Posts Tagged Picnic
Share the bounty… of knowledge, passion and skills…
1- Host a picnic -
Your theme: Over the fence. Your guests: At least 4 neighbors, with preference to neighbors you do not know very well yet. Your mission: Fire up the grill, share the bounty of the garden, talk, laugh, share gardening tips, life stories, wisdom and jokes. One condition: Your guests will take turns hosting a picnic at a time of their choice this summer, to which they will invite neighbors they do not know well yet.
2- Host a chef’s workshop -
You have mastered the art of the smoothie or the art of canning. Get playful invitation cards. Hand-deliver them to neighbors who have just recently started gardening. Invite them to a friendly “how-to” workshop. They must bring their own produce and you will supply some as well. Share your favorite smoothie combinations, discuss companion flavors and storage tips, explain the canning process and, most importantly, convey your passion.
3- Start a garden show -
Well, not literally. This time, instead of inviting neighbors over, offer your services in their own garden. You’ll want to identify community members who are new to gardening. Offer to share your own gardening secrets. Set a time and bring your wheelbarrow filled with your favorite, most indispensable gardening tools. Bring a jug of iced tea and a garden seat. Begin by asking what baffles them most. Go from there. Let your passion speak.
4- Start a neighborhood garden and kitchen swap -
No, you are not going to swap living quarters, though sometimes I think that could be a fun and even enlightening thing to do. Instead of having a yard sale to trim down the kitchen or workshop, host a swap. You never know what will show up.
Sometimes it is difficult to let go of things, but when you know that it will have significance to someone else as much as it did for you, it makes giving something away a lot more meaningful and rewarding. You have two blenders? Give one away. A young neighbor with limited funds may discover great joy in the kitchen thanks to the one appliance she dreamed of but could not afford. This is the sort of “great find” that can literally change a life. She may in turn bring along a colorful garden seat/tool tote that makes your eyes open wide. It is just the thing you need. It so happens you like to paint in the garden and this garden seat with convenient storage pockets is perfect for your painting supplies, and you find it inspiring too.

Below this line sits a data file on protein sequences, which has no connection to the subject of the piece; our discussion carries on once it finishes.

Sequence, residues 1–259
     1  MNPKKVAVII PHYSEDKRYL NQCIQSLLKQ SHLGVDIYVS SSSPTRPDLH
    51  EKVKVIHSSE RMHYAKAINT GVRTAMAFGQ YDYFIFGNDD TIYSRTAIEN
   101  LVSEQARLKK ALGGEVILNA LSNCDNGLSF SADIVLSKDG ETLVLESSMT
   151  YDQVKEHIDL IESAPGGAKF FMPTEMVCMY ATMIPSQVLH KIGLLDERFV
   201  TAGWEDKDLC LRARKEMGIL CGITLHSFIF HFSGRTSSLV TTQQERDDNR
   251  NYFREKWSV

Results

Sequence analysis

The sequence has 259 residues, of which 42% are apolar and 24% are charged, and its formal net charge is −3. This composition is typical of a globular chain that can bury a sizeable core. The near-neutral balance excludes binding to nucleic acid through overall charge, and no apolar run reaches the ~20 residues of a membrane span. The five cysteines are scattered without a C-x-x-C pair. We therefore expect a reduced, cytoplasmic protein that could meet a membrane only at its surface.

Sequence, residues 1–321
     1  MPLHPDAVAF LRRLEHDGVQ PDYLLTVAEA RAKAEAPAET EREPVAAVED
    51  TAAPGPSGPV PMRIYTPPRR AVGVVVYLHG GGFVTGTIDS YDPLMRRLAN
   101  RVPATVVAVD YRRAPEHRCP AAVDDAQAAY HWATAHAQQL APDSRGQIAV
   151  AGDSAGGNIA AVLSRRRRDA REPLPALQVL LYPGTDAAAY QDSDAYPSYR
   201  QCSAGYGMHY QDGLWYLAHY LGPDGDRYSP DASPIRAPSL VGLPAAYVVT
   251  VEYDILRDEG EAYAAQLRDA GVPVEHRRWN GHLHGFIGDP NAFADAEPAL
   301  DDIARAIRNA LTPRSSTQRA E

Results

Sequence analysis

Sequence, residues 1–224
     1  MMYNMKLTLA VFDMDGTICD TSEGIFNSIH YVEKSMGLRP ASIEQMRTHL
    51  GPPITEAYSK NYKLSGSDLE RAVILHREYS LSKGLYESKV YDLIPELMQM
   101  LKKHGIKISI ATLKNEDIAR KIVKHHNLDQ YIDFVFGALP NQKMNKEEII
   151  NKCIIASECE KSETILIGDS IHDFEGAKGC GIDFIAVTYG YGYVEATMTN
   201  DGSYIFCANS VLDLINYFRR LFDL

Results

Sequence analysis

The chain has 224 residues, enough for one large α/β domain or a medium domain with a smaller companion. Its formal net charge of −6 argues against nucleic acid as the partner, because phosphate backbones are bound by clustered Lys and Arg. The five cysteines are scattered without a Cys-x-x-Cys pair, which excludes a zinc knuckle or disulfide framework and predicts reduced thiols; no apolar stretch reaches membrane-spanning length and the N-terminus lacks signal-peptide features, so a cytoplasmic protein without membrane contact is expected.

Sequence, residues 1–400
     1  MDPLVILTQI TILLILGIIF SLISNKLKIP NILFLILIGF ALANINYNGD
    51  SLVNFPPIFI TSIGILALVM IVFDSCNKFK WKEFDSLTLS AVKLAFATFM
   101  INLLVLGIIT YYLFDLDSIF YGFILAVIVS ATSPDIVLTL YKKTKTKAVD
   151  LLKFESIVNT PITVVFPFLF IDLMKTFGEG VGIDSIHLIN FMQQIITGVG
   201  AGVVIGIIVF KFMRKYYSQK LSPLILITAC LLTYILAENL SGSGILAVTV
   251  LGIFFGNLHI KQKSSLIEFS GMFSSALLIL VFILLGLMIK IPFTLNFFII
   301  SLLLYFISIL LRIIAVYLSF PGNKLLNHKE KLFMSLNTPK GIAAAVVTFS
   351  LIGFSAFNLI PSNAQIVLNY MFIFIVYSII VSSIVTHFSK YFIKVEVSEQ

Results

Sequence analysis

5- Hire a young gardener or chef -
Invite your neighbor’s children and teens to make a few dollars while helping you in the garden or kitchen. It does not have to be a full-blown summer job; just a bit of help here and there. This will be a great experience in socialization and skills learning. Giving them a few dollars for their efforts is fair and honors their accomplishments and the value of their assistance (even if you are just pretending to need help).
Do one thing at a time. In the garden, show them how to use the cultivator, give them a goal to take on the task for 30 minutes or an hour and walk away. This is your way of expressing trust. Do not expect perfection. The perfection is in the act of doing, not in the outcome.
The same applies in the kitchen. Demonstrate a simple task and let the child complete it. It could be as simple as slicing the fruit for a canning project or filling each jar in the proper manner for the process. Make sure to send them home with a jar of their own to proudly share, in addition to a few dollars. Again, the financial reward is symbolic. It is an acknowledgment of the child’s value in your eyes.
6- Make up your own variation – What will it be?